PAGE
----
BWW Review: BEAUTIFUL Lets the Audience Bask In the Fascinating Music of the '50s-'70s
Manila, Philippines--To manage everyone's expectations, "Beautiful: The Carole King Musical" is not entirely about the life and music of the Grammy-winning singer-songwriter. Although Carole King's emergence into the popular music scene is what the audiences will follow from start to end, we feel that this show has more to offer than just a summarization of King's life and musicography. This is not to accuse that the show's title is misleading ("Beautiful" is a song from her Grammy-winning album "Tapestry"). In fact, the other elements present in the show sufficiently give this production a rightful claim to that adjective in its title.
Apart from King's personal life (mostly about her relationship with husband and lyricist Gerry Goffin), this musical also exposes the hardships and struggles of song composers back in the day, when they literally knock on music producer's offices pleading for their songs to be chosen. And when a composer gets to be so lucky and as talented as King (she sold her first song to producer Don Kirshner when she was 16 years old), the next challenge is to come up with new chart-toppers. By using King's journey as a platform, this musical not only gives recognition to songwriters in general but also the much-deserved appreciation to the songwriting process.
But as we've mentioned, King (Kayla Rivera) and Goffin (Nick Varricchio) aren't the only composers featured in this show. In a way instrumental to Goffin and King's success is their friendship and healthy rivalry with another songwriting duo: Barry Mann (George Schulze) and Cynthia Weil (Mikkie Bradshaw-Volante). Unlike King and Goffin's characters who almost always figure in the more serious and dramatic aspects of their personal and professional undertakings, Mann and Weil's have a quirkier and less emotional partnership. From what we saw in this production, we feel the characters of Mann and Weil do steal some of the thunder from the two leads, probably more so in the middle of Act 2 when romance is starting to build up from their partnership, unlike King and Goffin who are beginning to reach the tipping point of their married life.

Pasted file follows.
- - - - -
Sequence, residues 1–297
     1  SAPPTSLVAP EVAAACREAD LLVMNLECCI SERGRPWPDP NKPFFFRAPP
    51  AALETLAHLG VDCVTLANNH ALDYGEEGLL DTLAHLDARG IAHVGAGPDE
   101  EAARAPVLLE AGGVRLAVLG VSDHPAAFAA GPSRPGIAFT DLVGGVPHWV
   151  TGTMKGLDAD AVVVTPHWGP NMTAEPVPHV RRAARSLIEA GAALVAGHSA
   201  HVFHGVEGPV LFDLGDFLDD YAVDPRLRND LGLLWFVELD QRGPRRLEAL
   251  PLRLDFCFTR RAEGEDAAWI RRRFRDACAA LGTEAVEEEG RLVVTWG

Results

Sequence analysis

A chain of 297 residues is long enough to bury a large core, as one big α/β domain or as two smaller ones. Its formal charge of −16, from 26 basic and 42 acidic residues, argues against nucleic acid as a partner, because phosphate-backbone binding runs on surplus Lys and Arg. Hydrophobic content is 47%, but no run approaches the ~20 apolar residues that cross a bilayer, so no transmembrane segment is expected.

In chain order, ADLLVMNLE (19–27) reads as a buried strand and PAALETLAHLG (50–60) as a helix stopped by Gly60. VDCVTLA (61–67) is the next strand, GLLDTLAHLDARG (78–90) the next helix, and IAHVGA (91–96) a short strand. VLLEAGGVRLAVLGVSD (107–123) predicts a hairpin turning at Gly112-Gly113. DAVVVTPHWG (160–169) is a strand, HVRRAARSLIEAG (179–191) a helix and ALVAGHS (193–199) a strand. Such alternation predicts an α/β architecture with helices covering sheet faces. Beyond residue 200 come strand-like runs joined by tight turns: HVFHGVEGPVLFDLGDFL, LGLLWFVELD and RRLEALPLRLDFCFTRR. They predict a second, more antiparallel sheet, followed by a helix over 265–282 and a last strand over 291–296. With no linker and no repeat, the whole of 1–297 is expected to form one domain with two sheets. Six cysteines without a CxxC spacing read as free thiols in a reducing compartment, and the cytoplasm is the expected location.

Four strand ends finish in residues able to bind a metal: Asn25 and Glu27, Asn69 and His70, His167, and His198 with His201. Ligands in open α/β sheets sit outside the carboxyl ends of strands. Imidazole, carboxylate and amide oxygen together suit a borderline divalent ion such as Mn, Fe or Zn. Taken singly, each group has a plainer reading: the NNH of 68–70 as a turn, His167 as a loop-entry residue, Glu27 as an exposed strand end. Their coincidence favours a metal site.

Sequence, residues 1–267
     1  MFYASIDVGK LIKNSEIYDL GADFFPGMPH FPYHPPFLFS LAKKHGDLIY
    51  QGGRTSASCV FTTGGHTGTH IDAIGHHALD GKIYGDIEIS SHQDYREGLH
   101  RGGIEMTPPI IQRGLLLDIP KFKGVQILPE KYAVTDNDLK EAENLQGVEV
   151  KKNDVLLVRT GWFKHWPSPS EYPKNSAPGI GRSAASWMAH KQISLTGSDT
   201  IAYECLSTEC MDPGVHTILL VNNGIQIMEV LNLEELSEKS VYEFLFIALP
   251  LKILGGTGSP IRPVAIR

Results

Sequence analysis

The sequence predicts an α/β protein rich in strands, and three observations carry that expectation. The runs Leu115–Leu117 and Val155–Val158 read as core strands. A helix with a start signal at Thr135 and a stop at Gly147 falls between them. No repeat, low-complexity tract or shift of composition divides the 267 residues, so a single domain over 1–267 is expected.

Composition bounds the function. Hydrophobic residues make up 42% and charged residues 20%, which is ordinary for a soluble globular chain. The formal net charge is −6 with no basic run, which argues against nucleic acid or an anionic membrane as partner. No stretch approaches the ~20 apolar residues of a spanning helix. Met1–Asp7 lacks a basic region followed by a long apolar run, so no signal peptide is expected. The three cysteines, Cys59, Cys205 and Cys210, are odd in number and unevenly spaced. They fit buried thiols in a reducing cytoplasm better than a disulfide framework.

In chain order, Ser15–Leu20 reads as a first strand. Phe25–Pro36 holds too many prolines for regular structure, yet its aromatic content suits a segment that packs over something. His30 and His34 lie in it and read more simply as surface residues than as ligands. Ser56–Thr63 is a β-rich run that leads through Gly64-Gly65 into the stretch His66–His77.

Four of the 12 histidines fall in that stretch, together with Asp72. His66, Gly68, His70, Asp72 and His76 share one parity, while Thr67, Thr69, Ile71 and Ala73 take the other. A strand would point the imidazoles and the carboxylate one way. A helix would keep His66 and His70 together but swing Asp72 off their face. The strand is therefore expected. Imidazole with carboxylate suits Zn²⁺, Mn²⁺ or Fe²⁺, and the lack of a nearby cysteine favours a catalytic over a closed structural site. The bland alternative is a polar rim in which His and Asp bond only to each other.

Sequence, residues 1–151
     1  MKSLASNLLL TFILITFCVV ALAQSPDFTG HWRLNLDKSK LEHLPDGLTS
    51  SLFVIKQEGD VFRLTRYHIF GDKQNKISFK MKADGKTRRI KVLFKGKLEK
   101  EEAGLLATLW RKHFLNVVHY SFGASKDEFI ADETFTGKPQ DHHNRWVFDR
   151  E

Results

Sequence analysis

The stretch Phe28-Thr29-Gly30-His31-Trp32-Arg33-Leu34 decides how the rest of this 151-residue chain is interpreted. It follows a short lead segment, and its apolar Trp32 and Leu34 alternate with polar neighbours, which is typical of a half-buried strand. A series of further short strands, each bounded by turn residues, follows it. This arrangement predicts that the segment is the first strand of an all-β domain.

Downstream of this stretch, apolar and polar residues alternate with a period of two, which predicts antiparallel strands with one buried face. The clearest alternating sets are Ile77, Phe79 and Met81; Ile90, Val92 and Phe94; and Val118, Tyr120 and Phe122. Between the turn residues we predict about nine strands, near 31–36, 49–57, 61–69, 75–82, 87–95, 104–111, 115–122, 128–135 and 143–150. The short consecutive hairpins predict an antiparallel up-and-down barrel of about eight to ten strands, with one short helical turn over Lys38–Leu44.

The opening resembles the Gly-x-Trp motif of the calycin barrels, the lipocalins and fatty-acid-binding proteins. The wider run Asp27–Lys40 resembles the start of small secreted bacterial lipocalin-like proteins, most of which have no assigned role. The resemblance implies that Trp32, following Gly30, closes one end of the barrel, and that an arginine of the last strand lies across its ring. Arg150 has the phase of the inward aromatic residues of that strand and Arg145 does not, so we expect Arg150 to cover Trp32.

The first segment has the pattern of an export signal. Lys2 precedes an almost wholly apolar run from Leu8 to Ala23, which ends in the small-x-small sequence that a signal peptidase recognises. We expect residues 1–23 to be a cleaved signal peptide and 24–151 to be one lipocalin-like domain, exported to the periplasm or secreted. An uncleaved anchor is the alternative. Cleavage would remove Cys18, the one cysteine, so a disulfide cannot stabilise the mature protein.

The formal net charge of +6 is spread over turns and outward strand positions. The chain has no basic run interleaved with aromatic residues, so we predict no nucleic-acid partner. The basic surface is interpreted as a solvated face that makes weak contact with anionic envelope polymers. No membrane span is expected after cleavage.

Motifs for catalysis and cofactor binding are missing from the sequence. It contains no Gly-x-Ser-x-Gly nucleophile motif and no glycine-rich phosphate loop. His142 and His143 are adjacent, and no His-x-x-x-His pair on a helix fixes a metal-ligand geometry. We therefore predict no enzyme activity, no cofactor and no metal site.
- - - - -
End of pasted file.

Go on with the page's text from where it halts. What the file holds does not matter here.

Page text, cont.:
Schulze and Bradshaw-Volante ease into their roles more naturally than Rivera and Varricchio, but only because the latter have more demanding roles to portray. Varricchio does a good job of communicating Goffin's story arch. We notice him, scene after scene, carefully developing enough steam before his character throws an emotional outburst whenever he's dissatisfied with his work environment. But Varricchio's leading man status is dampened by the fact that he does not shine in any singing moment in the show, unlike Schulze who, at least, exhibits astonishing vocals (never mind the pretend guitar skills) in "We Gotta Get Out of This Place."